May 25, 1996 in Washington Voices

Skepticism Reigns At Hearing On 4-Period Day

Marny Lombard Staff Writer

Applause erupted after Thursday evening’s first speaker, parent Doug Nowell, spoke against the controversial proposal for a four-period school day.

More determined applause sounded after the second speaker, parent Dean Grafos, who was for the four-period day.

Central Valley School Board chairman Cynthia McMullen would have none of it. She swiftly dismantled the applause meter, urging members of the audience to simply hear each other out.

Applause or not, by the close of the meeting it was clear that the majority of parents at the hearing were skeptical of the plan.

About 135 people attended the hearing, half of them teachers. Comments from parents against the plan outnumbered comments from parents in support, three to one. Comments from teachers uniformly supported the plan.

The school board took no action, but is expected to vote on the proposal at its regular meeting June 10.

Active CV parent Layne Hinckley captured the sense of divisiveness when he spoke.

“My concern is not for the four-period day or the six-period day, but whether we can have a united concern for education,” Hinckley said.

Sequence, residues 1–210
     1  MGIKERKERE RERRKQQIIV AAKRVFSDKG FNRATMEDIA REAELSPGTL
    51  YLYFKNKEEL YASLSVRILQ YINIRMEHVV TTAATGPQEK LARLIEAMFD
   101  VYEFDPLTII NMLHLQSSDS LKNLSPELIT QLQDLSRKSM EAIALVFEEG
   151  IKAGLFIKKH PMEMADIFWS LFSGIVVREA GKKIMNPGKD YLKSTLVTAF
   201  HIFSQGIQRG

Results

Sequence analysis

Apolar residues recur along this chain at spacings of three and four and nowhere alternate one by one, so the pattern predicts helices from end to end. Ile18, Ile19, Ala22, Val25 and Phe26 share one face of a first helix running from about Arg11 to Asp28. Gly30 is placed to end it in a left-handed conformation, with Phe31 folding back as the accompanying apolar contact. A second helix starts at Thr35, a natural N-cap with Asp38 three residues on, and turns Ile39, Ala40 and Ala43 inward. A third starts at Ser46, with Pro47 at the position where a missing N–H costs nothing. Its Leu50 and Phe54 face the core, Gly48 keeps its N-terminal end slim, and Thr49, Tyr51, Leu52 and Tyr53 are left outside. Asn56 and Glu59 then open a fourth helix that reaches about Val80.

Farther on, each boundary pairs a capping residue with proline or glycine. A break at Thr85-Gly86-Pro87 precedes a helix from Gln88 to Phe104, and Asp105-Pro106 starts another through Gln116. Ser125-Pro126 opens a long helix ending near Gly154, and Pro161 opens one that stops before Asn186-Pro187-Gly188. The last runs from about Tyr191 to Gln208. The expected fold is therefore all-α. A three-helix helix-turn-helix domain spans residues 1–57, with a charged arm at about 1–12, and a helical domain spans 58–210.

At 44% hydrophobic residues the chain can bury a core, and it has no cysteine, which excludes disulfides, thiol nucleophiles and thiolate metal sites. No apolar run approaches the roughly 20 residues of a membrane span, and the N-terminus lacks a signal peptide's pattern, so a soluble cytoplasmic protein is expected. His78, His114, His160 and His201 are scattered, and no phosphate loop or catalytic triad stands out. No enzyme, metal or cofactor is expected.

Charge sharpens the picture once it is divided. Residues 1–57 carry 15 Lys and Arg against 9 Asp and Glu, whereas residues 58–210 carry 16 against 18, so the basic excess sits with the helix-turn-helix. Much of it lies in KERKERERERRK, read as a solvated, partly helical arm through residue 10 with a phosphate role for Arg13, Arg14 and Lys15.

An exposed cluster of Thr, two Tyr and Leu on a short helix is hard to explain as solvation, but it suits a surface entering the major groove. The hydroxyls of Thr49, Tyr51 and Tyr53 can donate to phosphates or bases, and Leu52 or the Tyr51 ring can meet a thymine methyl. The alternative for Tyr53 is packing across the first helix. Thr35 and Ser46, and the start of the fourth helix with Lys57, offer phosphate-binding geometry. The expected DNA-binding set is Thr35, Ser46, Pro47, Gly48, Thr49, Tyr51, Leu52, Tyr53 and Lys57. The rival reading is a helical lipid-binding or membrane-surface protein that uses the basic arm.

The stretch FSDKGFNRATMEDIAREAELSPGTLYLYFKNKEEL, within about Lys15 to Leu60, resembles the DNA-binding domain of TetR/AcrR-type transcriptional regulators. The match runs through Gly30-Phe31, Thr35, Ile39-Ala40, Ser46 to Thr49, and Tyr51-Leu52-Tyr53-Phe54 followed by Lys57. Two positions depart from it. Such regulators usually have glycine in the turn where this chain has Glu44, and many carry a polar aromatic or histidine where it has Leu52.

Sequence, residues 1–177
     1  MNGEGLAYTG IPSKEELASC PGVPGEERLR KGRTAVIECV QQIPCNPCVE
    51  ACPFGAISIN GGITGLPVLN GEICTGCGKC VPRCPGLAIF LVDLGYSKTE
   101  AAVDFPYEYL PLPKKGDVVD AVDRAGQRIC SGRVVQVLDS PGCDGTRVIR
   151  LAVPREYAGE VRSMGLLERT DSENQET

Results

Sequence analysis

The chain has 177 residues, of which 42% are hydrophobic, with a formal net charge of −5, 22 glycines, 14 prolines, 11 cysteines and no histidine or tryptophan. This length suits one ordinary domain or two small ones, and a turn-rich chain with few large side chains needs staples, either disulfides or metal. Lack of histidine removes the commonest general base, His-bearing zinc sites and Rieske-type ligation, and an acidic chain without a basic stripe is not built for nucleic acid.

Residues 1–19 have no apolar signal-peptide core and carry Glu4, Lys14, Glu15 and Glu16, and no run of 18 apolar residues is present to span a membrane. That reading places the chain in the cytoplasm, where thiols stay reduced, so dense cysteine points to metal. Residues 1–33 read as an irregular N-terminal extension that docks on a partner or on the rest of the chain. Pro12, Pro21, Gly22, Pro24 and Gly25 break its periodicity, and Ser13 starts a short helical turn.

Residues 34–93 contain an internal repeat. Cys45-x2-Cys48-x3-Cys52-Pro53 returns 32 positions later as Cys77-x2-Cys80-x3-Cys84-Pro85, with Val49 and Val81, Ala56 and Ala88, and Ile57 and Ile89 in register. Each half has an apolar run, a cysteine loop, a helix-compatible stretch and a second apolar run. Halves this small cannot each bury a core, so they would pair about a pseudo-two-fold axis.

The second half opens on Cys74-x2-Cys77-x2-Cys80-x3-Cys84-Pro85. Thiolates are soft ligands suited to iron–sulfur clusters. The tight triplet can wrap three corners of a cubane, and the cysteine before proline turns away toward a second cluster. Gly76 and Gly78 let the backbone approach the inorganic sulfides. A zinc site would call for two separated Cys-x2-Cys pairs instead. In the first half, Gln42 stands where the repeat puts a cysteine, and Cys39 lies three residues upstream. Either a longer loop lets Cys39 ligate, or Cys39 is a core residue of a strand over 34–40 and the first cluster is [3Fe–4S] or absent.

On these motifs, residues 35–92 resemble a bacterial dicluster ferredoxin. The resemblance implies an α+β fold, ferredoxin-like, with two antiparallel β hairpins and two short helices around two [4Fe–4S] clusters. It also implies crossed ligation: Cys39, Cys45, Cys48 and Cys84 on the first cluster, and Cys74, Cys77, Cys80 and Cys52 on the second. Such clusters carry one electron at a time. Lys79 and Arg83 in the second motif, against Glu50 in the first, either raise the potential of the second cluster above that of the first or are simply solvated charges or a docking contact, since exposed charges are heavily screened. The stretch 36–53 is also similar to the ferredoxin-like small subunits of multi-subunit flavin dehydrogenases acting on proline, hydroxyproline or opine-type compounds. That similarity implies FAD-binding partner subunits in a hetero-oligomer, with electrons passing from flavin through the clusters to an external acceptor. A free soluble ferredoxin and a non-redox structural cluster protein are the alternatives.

“By the clapping, it’s clear we do have a divided community. My plea to the board is to consider a plan to allow greater community involvement. Consider, even, the West Valley (partial block) plan,” he said.

Hinckley also acknowledged that parental involvement had come too little, too late.

Teachers at University High School have researched block schedules during the last six years. They support the plan as a way to create more active learning, involve more technology and ease stress for students and teachers

U-Hi biology teacher Bob Bartlett said he started incorporating computers and CD-ROMs four years ago. He supplements lectures with computer graphics and QuickTime movies.

Bartlett pleaded for the longer classes to do labs that involve “more than dissecting half a frog.”

Critical parents attacked the plan on several fronts, including these:

Scheduling problems would cost music students other electives.

The trimester would synchronize sports playoffs and academic finals, facing athlete-scholars with a double whammy.

Research shows no improvement in test scores for students on block schedules.

, DataTimes

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